United States.- The Weather Prediction Center of the National Weather Service, warned that concerns about excessive heat and fire weather continue to affect a large part of the western and northern High Plains.
Separately, heavy rains and the threat of flash flooding spread from southern New England and the Ohio/Tennessee valleys to the western Gulf Coast through Tuesday.
Isolated chances of severe storms and flash flooding exist throughout the Southwest today. As in recent days, unprecedented and excessive heat continues to be found throughout the western United States today and remains the case through at least midweek.
Beneath a strong high anchored over the central Great Basin, high temperatures are forecast to rise well above average and into triple digits. The heat is expected to further increase in severity on Tuesday, with temperatures potentially reaching 110 across California’s Central Valley region.
These highs in California will likely threaten monthly temperature records and be particularly dangerous for vulnerable residents.
Record heat also include much of the central Great Basin and northern Rocky Mountains, with highs in the upper 90s extending as far east as the north/central Plains.
Excessive heat watches and heat advisories have been issued for most of California and Nevada, as well as parts of Arizona, Utah and Idaho. Additionally, scorching heat combined with low relative humidity and gusty winds can lead to critical fire weather conditions today throughout parts of the Great Basin.
Conditions favorable for wildfires to develop and spread out of control also extend north into the Rocky Mountains and north into the High Plains, where red flag warnings have been issued.
Residents and visitors are urged to follow proper fire and heat safety restrictions.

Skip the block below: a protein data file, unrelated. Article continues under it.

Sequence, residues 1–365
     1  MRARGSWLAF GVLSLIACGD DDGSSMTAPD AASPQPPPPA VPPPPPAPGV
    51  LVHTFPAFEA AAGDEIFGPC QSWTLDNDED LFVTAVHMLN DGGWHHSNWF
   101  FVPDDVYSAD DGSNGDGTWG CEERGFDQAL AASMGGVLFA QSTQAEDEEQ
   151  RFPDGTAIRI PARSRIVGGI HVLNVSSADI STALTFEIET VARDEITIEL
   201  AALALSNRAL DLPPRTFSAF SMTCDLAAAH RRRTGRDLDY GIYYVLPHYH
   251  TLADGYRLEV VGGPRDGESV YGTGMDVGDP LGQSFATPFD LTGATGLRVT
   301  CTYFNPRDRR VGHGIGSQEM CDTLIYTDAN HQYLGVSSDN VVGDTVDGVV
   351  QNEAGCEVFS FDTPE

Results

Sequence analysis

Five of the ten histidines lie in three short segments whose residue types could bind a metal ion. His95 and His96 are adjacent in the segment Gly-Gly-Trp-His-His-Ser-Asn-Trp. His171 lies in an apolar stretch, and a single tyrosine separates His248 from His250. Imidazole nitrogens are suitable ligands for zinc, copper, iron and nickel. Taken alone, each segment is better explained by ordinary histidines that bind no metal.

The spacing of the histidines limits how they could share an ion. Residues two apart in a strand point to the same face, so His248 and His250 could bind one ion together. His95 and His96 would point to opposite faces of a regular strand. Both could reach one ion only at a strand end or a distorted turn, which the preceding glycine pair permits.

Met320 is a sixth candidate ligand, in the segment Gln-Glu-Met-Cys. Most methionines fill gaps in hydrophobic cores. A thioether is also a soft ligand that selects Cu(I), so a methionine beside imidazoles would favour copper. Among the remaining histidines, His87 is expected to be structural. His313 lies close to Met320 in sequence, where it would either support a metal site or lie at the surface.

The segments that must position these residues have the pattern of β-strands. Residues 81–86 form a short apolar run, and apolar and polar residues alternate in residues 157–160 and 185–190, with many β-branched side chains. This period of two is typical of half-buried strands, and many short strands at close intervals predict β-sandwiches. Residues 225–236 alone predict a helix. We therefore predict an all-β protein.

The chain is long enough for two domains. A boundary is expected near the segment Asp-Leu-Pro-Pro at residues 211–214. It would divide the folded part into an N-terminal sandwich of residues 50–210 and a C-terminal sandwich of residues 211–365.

For the Gulf Coast and the eastern third of the Nation, heavy rains and scattered instances of flash flooding will continue to be a concern through the first half of the week.
An elongated upper level low extending over the lower and middle Mississippi valleys will help produce numerous showers and thunderstorms over the Ohio and Tennessee valleys through Labor Day.
Some storms can move slowly and produce intense rainfall rates, which could lead to flash flooding. A slight risk (Level 2/4) of excessive rainfall has been issued for much of this region today and Tuesday, as well as portions of southern Appalachia.
Heavy rain is also possible along a cold front as it slides south from the northeast to the northern Mid-Atlantic by midweek.
A few inches of rain within a short period of time could produce scattered flash flooding Monday from southern New England to the central Appalachians, including most of Pennsylvania.
For the Gulf Coast, a stagnant, tropical air mass will create additional opportunities for showers today, with the threat of more widespread heavy rains moving toward the western Gulf Coast and south Texas by Labor Day. As a result, there is a Slight Risk of Excessive Precipitation.
Effect for today and Monday over South Texas and the lower Texas coast. Elsewhere, isolated showers and thunderstorms across the Southwest today could bring damaging wind gusts and flash flooding.
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The greatest threat is expected to reside in southern California and the Mojave. Desert region, where marginal risks from severe weather and excess rainfall are in effect.